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Russian and foreign dignitaries lined up to pay their last respects to Boris Yeltsin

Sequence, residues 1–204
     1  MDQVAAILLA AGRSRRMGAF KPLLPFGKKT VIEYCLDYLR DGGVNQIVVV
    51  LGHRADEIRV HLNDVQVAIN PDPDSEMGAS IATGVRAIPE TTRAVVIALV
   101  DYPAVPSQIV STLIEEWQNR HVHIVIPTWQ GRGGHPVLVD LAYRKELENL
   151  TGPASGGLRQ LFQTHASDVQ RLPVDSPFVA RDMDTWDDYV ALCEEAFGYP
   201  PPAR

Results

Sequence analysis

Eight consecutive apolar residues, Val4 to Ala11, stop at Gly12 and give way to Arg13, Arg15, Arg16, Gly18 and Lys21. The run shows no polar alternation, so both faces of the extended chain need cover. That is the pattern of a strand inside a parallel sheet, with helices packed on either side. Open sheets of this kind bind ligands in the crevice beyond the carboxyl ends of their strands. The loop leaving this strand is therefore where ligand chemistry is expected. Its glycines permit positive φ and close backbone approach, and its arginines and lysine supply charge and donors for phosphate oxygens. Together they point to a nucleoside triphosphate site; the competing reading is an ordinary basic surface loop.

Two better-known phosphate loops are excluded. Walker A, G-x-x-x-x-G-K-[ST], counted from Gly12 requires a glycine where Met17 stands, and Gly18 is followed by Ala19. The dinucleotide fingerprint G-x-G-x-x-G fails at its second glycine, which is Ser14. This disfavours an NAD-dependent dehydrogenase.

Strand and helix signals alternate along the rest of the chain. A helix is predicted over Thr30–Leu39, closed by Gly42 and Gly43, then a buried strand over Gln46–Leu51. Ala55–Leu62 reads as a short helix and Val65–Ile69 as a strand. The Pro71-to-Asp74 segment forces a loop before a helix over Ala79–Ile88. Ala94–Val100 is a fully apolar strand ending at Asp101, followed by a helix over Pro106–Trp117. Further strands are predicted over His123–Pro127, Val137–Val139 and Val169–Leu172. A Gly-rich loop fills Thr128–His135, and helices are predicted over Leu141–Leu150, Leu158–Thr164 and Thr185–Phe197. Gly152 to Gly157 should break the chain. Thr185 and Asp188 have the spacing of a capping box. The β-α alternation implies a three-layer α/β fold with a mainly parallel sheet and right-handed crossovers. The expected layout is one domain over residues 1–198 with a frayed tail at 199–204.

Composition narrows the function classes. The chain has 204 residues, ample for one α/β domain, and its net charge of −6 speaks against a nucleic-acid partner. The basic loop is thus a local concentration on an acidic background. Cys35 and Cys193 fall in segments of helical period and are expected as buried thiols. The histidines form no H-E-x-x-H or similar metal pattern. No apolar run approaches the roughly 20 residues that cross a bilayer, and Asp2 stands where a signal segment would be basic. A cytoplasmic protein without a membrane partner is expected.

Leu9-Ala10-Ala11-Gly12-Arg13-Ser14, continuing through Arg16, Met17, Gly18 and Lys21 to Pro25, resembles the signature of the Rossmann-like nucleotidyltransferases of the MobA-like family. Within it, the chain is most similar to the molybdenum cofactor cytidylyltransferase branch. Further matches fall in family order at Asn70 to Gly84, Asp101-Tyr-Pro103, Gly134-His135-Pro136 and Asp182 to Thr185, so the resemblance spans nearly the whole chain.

Russian and foreign dignitaries lined up to pay their last respects to Boris Yeltsin and express condolences to the family of Russia's first post-Soviet president in a grand cathedral in Moscow Wednesday. Yeltsin, who has won praise for pioneering democratic reforms and been criticized for impoverishing millions during his tenure in the 1990s, died Monday of heart failure at the age of 76. Access to the body was closed to the public at 12:30, when dignitaries began arriving at the Christ the Savior Cathedral. The church, demolished by Soviet leader Josef Stalin in the 1930s, was reconstructed under Yeltsin. President Vladimir Putin paid his respects to Yeltsin, who handpicked him as his successor before surprising the nation by his resignation on New Year's Eve in 1999. In a televised address Monday, Putin said the late president had gone down in national and global history as "a man who gave birth to a new epoch." "A new, democratic Russia, a free country that opened itself up to the world and where power belongs to people, was born." Mikhail Gorbachev, Yeltsin's predecessor and arch rival, was also at the memorial ceremony along with Russia's prime minister, Cabinet members, senior lawmakers, business leaders, and diplomats. Foreign dignitaries who flew to Moscow for the occasion included two former U.S. presidents, Bill Clinton and George Bush, Sr., with whom Yeltsin maintained friendly relations after the end of his eight-year political career in 1999, Britain's ex-Premier John Major, and other current and former foreign leaders. Former Ukrainian President Leonid Kuchma, ousted and now Moscow-based Kyrgyz leader Askar Akayev, and former Lithuanian President Algidras Brazauskas who Yeltsin backed in 1991, when the Baltic state moved to break away from Russia, were among the guests, who also included serving senior executives of ex-Soviet republics. Since Tuesday afternoon, about 25,000 Russians have paid their respects to their former leader and thousands have gathered near the Novodevichy cemetery, waiting for the state funeral. The Novodevichy cemetery, where many prominent Russian and Soviet writers, composers, scientists and politicians are buried, was opened to the public in the late 1980s on Yeltsin's orders, who was then Moscow chief. A church hierarch leading the service Wednesday morning called on those present, irrespective of their opinion of the former president, to "display Christian love" and remember "the numerous moments that were conducive to our present freedom." Archbishop Arseny also acknowledged Yeltsin's contribution to the revival of religion in the atheistic Soviet society. Communist members of parliament, irreconcilable adversaries of the late president, refused to stand up during the minute of silence that opened a State Duma session Wednesday and did not turn up at the memorial service. Wednesday has been declared a day of mourning in Russia.
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